Who Do You Call for Identity Theft?

One in 15 people are victims of identity theft every single year ranging from a one-time charge on a debit card up to serious credit card or loan balances. People living in the United States are more likely than those in other countries to become victims of identity theft, too. One in three people in the U.S. has been a victim of identity theft at least once. There are many different reasons for this, but since data breaches have been on the rise it’s expected that more people will continue to suffer the consequences of stolen identity in years to come.
If you’re searching for “who do I call about identity theft” or want to know more about how to reduce your chances of becoming a victim, read on.

How to Determine if You’ve Been a Victim of Identity Theft

Evaluating your individual finances on a regular basis is one of the best ways to avoid becoming a victim. If you’re always on top of your own financial situation, it will be that much easier to spot and dispute instances of stolen identity, too.
You might discover that you’re a victim of identity theft in a few ways, including:

  • Spotting strange charges on your bank account
  • Being denied a line of credit or loan due to adverse activity on your accounts that wasn’t done by you
  • Errors and mistakes on your credit report
  • Being alerted by your bank account about unexpected or extremely high charges

Install your mobile banking app on your phone so you can monitor when charges are made on your account. Banks use advanced technology to tell when a charge looks suspicious. If you’re going to travel soon, tell them where you’ll be so they don’t accidentally cancel your card in the middle of your vacation. Likewise, if you need to charge more than your daily limit, give them a call as some banks will automatically decline the charge or flag it as fraud.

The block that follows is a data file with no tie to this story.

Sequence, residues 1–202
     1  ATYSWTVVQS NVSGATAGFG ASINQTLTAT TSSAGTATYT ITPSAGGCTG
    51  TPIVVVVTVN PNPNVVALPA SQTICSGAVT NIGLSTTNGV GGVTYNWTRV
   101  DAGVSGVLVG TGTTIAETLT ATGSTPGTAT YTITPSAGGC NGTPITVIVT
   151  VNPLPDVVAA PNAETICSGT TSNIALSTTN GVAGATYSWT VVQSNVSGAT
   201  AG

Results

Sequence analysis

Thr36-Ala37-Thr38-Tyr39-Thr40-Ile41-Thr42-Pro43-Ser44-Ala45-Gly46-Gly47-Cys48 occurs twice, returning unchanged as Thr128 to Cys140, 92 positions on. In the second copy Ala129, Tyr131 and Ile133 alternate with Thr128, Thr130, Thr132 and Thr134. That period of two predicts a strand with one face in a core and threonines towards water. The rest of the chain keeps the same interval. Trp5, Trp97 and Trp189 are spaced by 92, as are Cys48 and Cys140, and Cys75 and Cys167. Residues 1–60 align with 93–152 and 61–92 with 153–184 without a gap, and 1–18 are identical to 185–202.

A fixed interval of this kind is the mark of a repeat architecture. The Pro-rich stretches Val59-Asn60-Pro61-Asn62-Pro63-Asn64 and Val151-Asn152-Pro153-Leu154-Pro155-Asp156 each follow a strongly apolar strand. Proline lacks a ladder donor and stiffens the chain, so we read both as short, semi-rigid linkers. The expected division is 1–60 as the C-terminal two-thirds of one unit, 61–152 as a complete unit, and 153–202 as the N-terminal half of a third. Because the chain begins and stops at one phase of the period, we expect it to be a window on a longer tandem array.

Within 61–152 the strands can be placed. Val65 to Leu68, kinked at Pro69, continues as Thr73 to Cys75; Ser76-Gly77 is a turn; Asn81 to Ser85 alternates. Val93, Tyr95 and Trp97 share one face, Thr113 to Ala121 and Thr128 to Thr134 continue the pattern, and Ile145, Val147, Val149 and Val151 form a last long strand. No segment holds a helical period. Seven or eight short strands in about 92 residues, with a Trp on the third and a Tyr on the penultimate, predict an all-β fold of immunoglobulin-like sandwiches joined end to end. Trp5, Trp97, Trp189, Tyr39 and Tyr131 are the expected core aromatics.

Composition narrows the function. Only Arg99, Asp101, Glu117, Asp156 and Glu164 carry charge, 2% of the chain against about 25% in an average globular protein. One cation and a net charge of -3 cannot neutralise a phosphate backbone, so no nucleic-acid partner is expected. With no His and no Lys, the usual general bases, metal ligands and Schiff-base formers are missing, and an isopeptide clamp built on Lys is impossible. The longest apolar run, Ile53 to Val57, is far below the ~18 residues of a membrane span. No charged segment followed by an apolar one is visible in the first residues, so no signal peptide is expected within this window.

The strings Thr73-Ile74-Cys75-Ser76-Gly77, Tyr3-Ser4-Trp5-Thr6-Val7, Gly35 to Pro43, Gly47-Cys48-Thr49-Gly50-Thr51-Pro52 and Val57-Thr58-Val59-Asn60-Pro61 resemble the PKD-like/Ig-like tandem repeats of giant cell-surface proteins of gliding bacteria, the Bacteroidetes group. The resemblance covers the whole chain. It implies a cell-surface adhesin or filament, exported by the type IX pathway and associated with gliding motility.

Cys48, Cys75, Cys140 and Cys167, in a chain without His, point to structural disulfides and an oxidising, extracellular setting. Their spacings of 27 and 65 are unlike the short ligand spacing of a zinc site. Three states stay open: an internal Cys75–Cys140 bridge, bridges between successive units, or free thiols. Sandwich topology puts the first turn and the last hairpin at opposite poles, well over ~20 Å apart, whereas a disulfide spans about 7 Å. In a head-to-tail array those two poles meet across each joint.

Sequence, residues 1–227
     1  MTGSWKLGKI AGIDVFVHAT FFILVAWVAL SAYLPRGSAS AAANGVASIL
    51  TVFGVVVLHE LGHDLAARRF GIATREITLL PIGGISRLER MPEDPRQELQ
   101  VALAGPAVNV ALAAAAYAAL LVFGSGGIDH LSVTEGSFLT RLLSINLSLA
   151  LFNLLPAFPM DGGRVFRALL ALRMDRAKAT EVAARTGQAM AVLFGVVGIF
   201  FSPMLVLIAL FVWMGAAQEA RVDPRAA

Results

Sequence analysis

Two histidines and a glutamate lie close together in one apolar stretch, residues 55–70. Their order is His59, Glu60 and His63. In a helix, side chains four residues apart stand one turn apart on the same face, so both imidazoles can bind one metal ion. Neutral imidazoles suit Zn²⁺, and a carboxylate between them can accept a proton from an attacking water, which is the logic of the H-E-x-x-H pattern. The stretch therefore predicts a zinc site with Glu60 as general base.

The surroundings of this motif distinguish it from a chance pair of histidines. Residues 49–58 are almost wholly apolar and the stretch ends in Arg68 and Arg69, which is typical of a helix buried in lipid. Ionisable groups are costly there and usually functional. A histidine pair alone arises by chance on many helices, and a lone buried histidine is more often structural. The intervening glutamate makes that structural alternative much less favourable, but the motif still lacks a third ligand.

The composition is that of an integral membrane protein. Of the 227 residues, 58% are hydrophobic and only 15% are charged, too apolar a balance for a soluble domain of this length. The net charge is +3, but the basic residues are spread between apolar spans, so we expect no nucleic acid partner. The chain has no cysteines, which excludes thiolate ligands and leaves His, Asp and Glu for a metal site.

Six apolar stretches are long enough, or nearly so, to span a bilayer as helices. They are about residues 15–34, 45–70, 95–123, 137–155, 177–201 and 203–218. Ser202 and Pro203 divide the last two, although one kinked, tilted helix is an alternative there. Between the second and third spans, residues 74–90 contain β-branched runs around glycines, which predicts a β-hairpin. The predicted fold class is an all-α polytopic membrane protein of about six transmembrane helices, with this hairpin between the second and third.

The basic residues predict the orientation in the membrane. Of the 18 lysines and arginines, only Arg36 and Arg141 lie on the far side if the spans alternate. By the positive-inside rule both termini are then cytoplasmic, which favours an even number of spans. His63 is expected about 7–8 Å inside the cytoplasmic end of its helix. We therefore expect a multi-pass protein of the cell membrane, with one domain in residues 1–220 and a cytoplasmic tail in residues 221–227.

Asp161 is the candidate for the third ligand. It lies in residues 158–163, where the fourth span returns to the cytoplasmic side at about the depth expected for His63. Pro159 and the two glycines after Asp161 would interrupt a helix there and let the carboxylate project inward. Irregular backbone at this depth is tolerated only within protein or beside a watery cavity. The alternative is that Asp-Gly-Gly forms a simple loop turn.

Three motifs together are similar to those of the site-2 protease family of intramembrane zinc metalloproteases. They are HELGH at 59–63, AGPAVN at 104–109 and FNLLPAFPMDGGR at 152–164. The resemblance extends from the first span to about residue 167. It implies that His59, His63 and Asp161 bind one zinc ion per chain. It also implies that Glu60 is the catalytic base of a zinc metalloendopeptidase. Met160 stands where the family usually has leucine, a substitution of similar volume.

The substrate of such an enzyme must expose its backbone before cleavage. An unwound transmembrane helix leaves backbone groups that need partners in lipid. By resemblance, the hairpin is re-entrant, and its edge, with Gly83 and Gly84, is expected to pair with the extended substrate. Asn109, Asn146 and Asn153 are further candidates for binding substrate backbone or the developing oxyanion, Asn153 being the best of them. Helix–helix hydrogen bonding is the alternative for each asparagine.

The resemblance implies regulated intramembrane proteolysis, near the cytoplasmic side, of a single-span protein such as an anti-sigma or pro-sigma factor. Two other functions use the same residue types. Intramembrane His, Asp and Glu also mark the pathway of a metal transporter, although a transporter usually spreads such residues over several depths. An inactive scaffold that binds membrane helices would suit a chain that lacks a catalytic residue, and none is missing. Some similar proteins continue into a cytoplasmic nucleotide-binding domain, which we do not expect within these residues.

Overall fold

More answers to commonly asked questions

In all of these situations, you need to ask quickly. If a loved one asks you, “Who do I call about identity theft?” then the first call needs to be to the account manager of the line of credit in question. If it’s a debit card, that’s the bank. A credit card company can freeze or block your card if that’s where attempted identity theft happened. If you find errors on your credit report, contact the reporting agency in question as soon as possible so as to start the ball rolling on getting any further transactions blocked.
As annoying as it is, the safest way to prevent further identity theft is to request entirely new cards. Even if you’re the only person who holds a physical copy of a credit or debit card, if it was used online, at a gas station, or at a retail store it’s possible the criminals made a physical dupe that’s working. You need to cancel the card in full and get the credit card company to freeze it right away.